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Franklin Delano Roosevelt: Champion of Freedom [Paperback]

Conrad Black
4.7 out of 5 stars  See all reviews (12 customer reviews)

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Book Description

23 Feb 2005
Franklin Delano Roosevelt stands astride American history like a colossus. Having pulled the nation out of the Great Depression and led it to victory in the Second World War, in his four terms as president Roosevelt transformed an inward-looking country into the greatest superpower the world had ever known. Few biographies have been able to capture the full scope, the charisma, and the complexities of the man in full-until Conrad Black's Franklin Delano Roosevelt. In this extraordinary and eminently readable assessment, Black-a staunch conservative-takes to task the Roosevelt naysayers, lays bare the Yalta myth, and makes a surprising and compelling case that that FDR was the most influential and important person of the twentieth century. Hailed by critics from all sides of the political spectrum as "masterful," "epic", and the "best biography of Roosevelt yet," Franklin Delano Roosevelt is bar-none the definitive biography of the 32nd president. It is an essential resource for anyone who wishes to understand not only Roosevelt-but the very history of the twentieth century, both in America and throughout the world.

Product details

  • Paperback: 1328 pages
  • Publisher: PublicAffairs,U.S.; export ed edition (23 Feb 2005)
  • Language: English
  • ISBN-10: 1586482823
  • ISBN-13: 978-1586482824
  • Product Dimensions: 6.2 x 15.6 x 22.8 cm
  • Average Customer Review: 4.7 out of 5 stars  See all reviews (12 customer reviews)
  • Amazon Bestsellers Rank: 591,058 in Books (See Top 100 in Books)

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"Deserves to become the standard one-volume life of FDR". The Economist "One of the best one-volume biographies of Roosevelt yet". The New York Times "A sweeping, occasionally sprawling biography...and an engrossing one, thanks to the storytelling and pungency of its judgments". Wall Street Journal"

Book Description

Magisterial biography of the 'greatest American president of the 20th century' --This text refers to an out of print or unavailable edition of this title.

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Customer Reviews

4.7 out of 5 stars
4.7 out of 5 stars
Most Helpful Customer Reviews
24 of 25 people found the following review helpful
5.0 out of 5 stars An astonishing book about an astonishing man 26 July 2004
Format:Hardcover|Verified Purchase
Conrad Black concludes his 1130 page text setting out seven reasons to support his claim that F.D. Roosevelt was the most important man of the 20th century. His case is convincing and I would neither care nor dare to put forward another name to compete for that position.
Roosevelt was an extraordinary man and Black's biography is an extraordinarily profound work that does full justice to his subject. It is not possible to read this book without being overwhelmed by its depth and breadth. In terms of depth, Black's characterisation of his subject leaves the reader with a feeling of having personally known him or at least of having experienced his years of presidency. In its breadth it provides a detailed analysis of the political and strategic influences that evolved during Roosevelt's 12-year presidency and the astonishing political and strategic influences Roosevelt himself generated. Even Black's characterisations of the (dozens of) other players in the drama - not least Churchill, Stalin, and De Gaulle - are brilliant and incisive. No other book that I have ever read has ever set out so clearly and concisely either the background to WW2 (such as FDR's deliberate provocation of the Japanese attack on the USA) or the sequence of the events that defined the war. Surprisingly (since the book doesn't dwell on Hitler's or Nazi Germany's venality), it presents a clearer picture of their actions and motivations than many other books that are dedicated to the subject.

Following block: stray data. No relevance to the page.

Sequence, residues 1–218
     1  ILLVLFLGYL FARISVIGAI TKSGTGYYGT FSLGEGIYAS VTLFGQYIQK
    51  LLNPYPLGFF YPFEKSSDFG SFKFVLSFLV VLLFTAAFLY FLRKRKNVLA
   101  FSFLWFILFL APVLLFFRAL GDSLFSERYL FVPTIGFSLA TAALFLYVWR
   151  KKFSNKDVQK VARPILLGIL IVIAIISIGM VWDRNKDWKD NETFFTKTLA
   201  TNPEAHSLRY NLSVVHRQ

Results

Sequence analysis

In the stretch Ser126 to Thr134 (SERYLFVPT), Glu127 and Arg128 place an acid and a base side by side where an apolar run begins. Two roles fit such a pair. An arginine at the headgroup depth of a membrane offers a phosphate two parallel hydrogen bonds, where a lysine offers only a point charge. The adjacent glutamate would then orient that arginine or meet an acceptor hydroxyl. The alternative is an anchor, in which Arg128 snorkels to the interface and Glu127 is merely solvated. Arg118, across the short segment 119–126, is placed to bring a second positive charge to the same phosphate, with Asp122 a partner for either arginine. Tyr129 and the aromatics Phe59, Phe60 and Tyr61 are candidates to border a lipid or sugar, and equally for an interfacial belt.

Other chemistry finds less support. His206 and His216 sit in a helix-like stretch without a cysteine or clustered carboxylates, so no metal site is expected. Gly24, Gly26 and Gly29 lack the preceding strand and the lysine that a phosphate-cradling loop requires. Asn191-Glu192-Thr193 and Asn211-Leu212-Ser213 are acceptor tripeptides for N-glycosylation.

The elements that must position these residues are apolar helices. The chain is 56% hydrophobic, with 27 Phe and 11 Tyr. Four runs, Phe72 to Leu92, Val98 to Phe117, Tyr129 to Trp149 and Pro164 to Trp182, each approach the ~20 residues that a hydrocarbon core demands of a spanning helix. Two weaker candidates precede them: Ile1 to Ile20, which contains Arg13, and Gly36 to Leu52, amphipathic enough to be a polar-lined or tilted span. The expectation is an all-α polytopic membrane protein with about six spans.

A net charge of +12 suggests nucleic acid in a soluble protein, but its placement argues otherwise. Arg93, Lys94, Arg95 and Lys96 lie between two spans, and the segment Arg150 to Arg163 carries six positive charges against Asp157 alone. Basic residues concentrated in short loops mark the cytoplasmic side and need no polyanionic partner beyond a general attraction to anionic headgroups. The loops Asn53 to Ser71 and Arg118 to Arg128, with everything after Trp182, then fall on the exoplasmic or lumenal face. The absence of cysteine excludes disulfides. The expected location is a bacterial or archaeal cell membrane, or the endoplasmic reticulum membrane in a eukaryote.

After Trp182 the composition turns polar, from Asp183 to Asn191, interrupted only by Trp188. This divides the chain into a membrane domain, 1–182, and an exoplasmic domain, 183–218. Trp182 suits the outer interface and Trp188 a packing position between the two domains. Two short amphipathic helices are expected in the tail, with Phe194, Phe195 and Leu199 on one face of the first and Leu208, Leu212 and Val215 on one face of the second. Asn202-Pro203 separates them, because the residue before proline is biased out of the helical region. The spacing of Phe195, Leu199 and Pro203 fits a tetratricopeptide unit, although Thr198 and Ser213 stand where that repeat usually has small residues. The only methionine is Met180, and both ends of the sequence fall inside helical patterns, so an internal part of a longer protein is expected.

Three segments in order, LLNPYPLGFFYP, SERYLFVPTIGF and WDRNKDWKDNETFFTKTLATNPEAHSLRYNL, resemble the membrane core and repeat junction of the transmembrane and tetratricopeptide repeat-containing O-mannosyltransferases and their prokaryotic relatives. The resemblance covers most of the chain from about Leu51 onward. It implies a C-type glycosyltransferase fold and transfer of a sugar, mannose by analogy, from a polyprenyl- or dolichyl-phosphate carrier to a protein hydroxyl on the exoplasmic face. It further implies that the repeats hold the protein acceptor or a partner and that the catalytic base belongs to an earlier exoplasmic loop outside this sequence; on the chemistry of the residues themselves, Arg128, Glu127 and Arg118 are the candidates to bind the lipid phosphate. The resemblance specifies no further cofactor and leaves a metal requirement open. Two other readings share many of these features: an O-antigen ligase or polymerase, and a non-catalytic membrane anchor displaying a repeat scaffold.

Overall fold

It would be presumptuous of me to attempt to summarize Black's work or the life described therein.
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6 of 6 people found the following review helpful
5.0 out of 5 stars The Champion of Freedom 11 July 2004
Conrad Black's book is an excellent biography, which rank among the best political biographies ever such as Duff Coopers wonderful book "Talleyrand" and Geoffrey Best great and commendable short book "Churchill. A Study in Greatness". Black's book is on the contrary very long, but it is highly accessible and he all along gives you great syntheses of his thinking such as "Roosevelt's strategic and political vision was perceptive; Stalin's was exclusively avaricious; Churchill's was astute but nostalgic" (p. 871). It is hard not to agree with Churchill (and Black) that Roosevelt was "the greatest champion of freedom who has ever brought help from the New World to the Old". But I can't agree with Black's wholehearted support of the American strategic view of the European theatre of operations. Michael Howard's conclusion - as stated by John Strawson in his new book "If by Chance" - "that it still needs to be shown that there was a better Allied Grand Strategy than that actually employed stands unchallenged today". The Mediterranean focus in 1943 was an absolute prerequisite for an invasion of France in 1944. Eisenhower should also have adhered to his statement on 15 September 1944. "There is no doubt whatsoever, in my mind, that we should concentrate on a rapid thrust to Berlin". It would have improved the allied bargaining position much more than anything else which Black mention about Roosevelt's idea's had he not died. At least it would have helped the ordinary woman in Berlin. A few spelling mistakes should be corrected in a new edition. Petsamo was not ceded by Finland to USSR in 1940 but in 1947. Rumania went into the First World War in 1916 and not 1915, and the place of Hitler's headquarters was close to Rastenburg and not Rastenberg. Read more ›